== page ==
4
Reply4 years ago

https://www.duolingo.com/Lisagnipura

greek: Duo hardly ever uses "Spain Spanish". I have never seen a Duo sentence using "vosotros".

2
Reply4 years ago

https://www.duolingo.com/friend050

"Te hablé" also sounds awful in this sentence. Had to play it slowly a few times. It sounds as "table" ... and made no sense

0
Reply4 years ago

https://www.duolingo.com/mrule
mrule
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From my understanding it should sound like "Teablé", since the 'h' is silent and we don't put space between words when speaking.

0
Reply4 years ago

https://www.duolingo.com/RockinAbs

Can someone please explain this sentence to me? I don't understand the 'hable' part.

0
Reply4 years ago

https://www.duolingo.com/ph516503
ph516503
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hablé is the first person simple past tense of hablar (called the preterite) - "I talked/spoke". It goes: "hablé, hablaste, habló, hablamos, hablaron". Te = "you / to you". Therefore: "I talked to you from the airport."/ "I spoke to you from the airport"

1
Reply4 years ago

https://www.duolingo.com/alexoreilly4

this sentence isn't even correct in English unless used in conversation with another person

0
Reply4 years ago

https://www.duolingo.com/Meycah

I am not a native English speaker, but wouldn't it be correct to use Present Perfect, even Present Perfect Progressive? I don't know what tat would be in Spanish, but this just sounds wrong in English.

0
Reply4 years ago

https://www.duolingo.com/LandonThom
LandonThom
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I am a native English speaker and I do not understand it either. I spoke to you at the airport makes sense. I spoke to you from the airport only makes sense to me if you were an airport traffic control worker and you were using some kind of radio communication.

2
Reply4 years ago

https://www.duolingo.com/ph516503
ph516503
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...or a holiday maker or business traveller using a mobile phone? It seems fine to me (apart from the fact the recording is so poor you can't really make out the spanish words.)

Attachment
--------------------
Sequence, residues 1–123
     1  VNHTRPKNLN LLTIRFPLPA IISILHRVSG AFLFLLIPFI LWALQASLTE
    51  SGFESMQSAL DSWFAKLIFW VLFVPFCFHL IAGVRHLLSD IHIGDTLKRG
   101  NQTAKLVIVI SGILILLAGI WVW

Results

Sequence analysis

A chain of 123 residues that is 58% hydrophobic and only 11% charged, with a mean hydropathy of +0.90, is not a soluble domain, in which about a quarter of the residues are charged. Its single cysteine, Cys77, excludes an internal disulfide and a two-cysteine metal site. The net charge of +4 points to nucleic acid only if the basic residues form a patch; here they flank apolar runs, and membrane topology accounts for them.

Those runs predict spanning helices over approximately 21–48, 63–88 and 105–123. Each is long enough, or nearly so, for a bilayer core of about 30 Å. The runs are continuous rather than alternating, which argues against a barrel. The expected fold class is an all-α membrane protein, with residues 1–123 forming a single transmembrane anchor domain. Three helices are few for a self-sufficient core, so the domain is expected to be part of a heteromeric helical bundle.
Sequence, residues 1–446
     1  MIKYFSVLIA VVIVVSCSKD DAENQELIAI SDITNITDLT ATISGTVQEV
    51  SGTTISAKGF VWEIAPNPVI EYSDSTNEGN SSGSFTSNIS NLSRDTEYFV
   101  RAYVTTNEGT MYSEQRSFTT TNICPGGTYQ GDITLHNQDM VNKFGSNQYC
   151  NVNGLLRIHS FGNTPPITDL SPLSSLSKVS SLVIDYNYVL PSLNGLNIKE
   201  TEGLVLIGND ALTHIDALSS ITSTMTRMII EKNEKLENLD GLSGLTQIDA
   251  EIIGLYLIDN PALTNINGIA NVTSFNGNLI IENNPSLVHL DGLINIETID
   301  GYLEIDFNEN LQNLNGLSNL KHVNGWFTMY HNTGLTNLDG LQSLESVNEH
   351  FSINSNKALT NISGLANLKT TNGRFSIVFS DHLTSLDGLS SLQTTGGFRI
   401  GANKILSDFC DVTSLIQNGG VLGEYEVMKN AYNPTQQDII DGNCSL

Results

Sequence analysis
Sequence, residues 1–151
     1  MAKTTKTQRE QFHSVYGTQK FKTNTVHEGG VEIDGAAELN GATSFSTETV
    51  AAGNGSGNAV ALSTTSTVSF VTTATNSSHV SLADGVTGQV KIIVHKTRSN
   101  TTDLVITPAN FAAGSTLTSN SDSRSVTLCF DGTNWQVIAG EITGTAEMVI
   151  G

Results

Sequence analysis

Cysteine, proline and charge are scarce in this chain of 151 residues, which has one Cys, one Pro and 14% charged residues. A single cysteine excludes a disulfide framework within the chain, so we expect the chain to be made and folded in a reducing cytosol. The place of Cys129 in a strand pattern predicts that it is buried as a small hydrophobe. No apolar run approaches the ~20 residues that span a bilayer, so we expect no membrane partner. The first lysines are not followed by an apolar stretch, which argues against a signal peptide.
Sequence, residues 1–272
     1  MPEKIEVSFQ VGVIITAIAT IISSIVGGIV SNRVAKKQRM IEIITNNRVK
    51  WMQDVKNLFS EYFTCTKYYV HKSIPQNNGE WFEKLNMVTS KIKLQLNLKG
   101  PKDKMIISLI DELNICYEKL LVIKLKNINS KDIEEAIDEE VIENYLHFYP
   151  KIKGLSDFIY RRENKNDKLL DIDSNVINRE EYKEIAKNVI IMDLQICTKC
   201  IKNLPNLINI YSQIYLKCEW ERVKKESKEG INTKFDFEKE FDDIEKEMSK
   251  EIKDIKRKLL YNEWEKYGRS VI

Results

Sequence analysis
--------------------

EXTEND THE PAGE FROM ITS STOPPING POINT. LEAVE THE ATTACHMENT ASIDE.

0
Reply4 years ago

https://www.duolingo.com/Nokari

I could have sworn " desde" was " dice". Its hard to remember to take your time on these.

0
Reply4 years ago

https://www.duolingo.com/earluk

Could 'hable' and 'Te' be reversed here and the sentence still make sense?

0
Reply4 years ago

https://www.duolingo.com/GScottOliver
GScottOliver
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(I'm sure you know by now, but for others:) No, the direct object must come before the verb.

0
Reply2 years ago

https://www.duolingo.com/Bilbao77
Bilbao77
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Preposterously poor recording

0
Reply3 years ago

https://www.duolingo.com/FrankFox1

how do we which pronoun is implies?

0
Reply2 years ago

https://www.duolingo.com/FrankFox1

how did you know it was I?

0
Reply2 years ago

https://www.duolingo.com/GScottOliver
GScottOliver
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See ph516503's comment from some time back, in response to RockinAbs; hablé is the first person singular (I) past tense of hablar.

0
Reply2 years ago

https://www.duolingo.com/razmoumtaz

not a very good translation: I spoke with you since we left the airport sounds more like it. Lost a Heart!

-3
Reply5 years ago

https://www.duolingo.com/Iago
Iago
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Wrong-o.

-3
Reply5 years ago